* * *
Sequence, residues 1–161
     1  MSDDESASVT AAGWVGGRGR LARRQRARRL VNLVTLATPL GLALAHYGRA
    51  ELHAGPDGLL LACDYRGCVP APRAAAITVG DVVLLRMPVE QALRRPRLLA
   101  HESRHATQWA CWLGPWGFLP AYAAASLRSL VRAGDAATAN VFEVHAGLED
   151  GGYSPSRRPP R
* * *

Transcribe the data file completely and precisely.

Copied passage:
Sequence, residues 1–161
     1  MSDDESASVT AAGWVGGRGR LARRQRARRL VNLVTLATPL GLALAHYGRA
    51  ELHAGPDGLL LACDYRGCVP APRAAAITVG DVVLLRMPVE QALRRPRLLA
   101  HESRHATQWA CWLGPWGFLP AYAAASLRSL VRAGDAATAN VFEVHAGLED
   151  GGYSPSRRPP R